Having only a few weeks ago estimated that as much as $8 billion of alternative reinsurance and insurance-linked securities (ILS) capital had been raised year-to-date, analysts from investment bank Berenberg have now upped that amount to ~$11 billion.
As a result, the analysts now believe that alternative and ILS capital flows into the insurance and reinsurance market are around $15 billion since hurricane Ian struck last year.
However, despite some early signs that the reinsurance capital supply crunch is easing a bit, the analysts do not believe that alternative capital raises and ILS market inflows are “sufficient to derail the strong rate momentum,” as yet.
When we reported on the analysts earlier figure, of the roughly $8 billion of flows Berenberg said had occurred, we estimated that around half would have been flows to the catastrophe bond market this year.
The new figure from Berenberg, based on their conversations with market participants on both the traditional and alternative reinsurance capital sides, suggests a ramp up in capital flows for other private ILS and alternative structures, likely for the mid-year renewals.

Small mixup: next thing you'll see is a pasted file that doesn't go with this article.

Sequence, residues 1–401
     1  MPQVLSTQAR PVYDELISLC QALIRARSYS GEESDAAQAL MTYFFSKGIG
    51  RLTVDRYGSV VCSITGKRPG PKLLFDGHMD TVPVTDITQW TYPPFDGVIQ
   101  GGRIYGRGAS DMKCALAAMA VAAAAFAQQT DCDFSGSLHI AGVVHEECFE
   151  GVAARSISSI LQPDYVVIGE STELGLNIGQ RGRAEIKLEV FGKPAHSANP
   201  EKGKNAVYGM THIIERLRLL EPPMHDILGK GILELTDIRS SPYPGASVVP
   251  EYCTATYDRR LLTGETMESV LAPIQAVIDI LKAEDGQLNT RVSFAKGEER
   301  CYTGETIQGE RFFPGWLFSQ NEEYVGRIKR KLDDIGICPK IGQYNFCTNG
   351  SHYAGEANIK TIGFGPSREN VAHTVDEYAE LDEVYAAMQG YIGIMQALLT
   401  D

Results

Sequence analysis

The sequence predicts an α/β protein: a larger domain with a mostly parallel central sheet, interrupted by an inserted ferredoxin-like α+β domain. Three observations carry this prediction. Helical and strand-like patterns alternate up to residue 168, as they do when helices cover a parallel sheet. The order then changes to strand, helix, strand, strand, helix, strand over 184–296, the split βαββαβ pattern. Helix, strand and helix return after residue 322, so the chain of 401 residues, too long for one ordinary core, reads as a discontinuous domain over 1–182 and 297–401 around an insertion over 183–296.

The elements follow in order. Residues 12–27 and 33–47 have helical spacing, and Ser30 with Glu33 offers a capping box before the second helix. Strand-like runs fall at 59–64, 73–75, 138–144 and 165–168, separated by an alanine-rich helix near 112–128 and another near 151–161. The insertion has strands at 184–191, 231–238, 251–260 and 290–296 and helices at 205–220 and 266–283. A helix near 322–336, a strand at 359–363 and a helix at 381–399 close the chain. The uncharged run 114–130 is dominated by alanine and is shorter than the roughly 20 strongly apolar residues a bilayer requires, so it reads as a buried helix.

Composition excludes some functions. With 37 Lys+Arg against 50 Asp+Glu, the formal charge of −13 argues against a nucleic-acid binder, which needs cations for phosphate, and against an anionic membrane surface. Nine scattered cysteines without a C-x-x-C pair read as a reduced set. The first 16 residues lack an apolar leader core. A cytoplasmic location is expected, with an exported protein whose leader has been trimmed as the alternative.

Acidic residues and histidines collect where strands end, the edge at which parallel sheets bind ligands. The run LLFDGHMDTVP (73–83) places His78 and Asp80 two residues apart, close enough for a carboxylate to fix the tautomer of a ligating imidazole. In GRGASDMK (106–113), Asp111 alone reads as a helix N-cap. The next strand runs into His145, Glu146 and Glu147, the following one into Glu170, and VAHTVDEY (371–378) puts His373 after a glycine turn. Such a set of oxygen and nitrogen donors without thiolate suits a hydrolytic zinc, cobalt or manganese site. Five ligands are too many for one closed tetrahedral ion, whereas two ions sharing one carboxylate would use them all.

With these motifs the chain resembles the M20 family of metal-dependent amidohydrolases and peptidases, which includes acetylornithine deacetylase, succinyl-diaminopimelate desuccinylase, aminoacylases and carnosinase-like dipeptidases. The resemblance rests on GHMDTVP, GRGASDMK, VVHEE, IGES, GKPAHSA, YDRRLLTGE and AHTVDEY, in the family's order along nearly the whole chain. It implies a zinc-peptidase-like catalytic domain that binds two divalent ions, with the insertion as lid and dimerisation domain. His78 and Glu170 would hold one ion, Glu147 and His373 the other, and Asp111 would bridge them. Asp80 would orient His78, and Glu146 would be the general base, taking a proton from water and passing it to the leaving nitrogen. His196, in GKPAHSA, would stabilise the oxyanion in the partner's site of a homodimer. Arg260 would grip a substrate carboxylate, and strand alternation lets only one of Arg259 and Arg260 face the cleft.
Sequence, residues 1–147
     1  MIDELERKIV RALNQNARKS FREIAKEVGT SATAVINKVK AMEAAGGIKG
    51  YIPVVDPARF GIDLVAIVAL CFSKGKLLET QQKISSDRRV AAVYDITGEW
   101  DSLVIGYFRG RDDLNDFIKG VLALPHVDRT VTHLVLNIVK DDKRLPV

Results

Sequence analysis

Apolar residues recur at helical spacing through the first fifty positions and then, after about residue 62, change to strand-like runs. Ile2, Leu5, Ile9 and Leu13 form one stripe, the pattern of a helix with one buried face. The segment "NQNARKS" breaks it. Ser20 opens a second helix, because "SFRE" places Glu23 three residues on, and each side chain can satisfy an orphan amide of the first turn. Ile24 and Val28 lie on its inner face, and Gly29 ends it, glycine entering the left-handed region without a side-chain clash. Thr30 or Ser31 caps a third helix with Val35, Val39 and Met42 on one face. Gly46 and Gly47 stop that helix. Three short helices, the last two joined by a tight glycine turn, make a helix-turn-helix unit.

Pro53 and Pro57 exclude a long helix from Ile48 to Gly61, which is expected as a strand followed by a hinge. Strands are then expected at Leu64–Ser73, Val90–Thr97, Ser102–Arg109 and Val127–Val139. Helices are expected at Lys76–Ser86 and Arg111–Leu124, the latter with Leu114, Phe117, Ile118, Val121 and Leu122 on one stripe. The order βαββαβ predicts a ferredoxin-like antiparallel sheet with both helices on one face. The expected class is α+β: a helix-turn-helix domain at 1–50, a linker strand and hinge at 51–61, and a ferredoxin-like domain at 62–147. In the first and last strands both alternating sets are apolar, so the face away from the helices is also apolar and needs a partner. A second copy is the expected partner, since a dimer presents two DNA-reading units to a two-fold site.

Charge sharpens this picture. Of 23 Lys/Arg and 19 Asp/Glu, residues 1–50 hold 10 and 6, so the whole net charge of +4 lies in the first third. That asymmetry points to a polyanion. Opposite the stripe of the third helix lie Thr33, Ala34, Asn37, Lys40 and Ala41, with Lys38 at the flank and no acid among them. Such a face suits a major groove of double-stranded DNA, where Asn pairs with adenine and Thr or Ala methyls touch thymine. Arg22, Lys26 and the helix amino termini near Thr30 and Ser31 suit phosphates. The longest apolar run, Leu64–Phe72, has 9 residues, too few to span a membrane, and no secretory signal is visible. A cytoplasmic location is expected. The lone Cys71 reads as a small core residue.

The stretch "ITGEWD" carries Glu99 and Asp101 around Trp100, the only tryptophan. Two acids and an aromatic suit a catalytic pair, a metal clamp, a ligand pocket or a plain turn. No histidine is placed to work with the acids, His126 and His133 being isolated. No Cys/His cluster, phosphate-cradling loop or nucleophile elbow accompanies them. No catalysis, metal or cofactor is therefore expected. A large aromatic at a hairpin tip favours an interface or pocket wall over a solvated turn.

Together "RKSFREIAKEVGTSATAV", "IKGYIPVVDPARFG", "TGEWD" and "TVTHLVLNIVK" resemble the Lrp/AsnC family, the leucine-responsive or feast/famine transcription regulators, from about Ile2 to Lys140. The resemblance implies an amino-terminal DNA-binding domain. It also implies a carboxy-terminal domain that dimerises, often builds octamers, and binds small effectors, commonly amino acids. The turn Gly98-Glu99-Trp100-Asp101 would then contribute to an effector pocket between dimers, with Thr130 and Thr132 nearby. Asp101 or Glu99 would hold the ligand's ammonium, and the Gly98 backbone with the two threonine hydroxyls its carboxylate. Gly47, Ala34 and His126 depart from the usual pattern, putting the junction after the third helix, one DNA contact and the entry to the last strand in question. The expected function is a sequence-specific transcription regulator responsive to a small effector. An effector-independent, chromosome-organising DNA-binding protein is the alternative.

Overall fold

However, even with these flows, we don’t hear of any concerns related to overcapitalisation at this time, suggesting the analysts are right that any capital raised is just filling gaps in capacity.
In addition, maturities in the catastrophe bond market have been high, while on the private ILS side of collateralized reinsurance and retrocession strategies, participants are still replacing and recycling trapped capital in some cases, so the actual amounts deployable are not expected to be increasing meaningfully as yet.
“The new capital is merely alleviating some of the high pressure of increased demand for reinsurance,” Berenberg’s analysts stated.
Adding that, “The risk to pricing will be higher if we have a super “clean” nat-cat year.”
Because capital is not reaching levels where over-supply becomes a concern, the analysts believe that reinsurance pricing can remain higher for longer and are bullish about hard market prospects persisting into 2024..
Continued demand growth is expected to be a key factor here, as too is the fact some underwriting companies are shying away from natural catastrophe perils and climate risk, leaving more capacity gaps to fill.
“In our view, unless a significant amount of capital enters the sector, not only will the protection gap keep growing, but pent-up demand from existing business due to inflation and growing exposures will also be hard to be met. This suggests pricing both primary and reinsurance will need to stay higher for longer for capital to be enticed back,” the analysts state.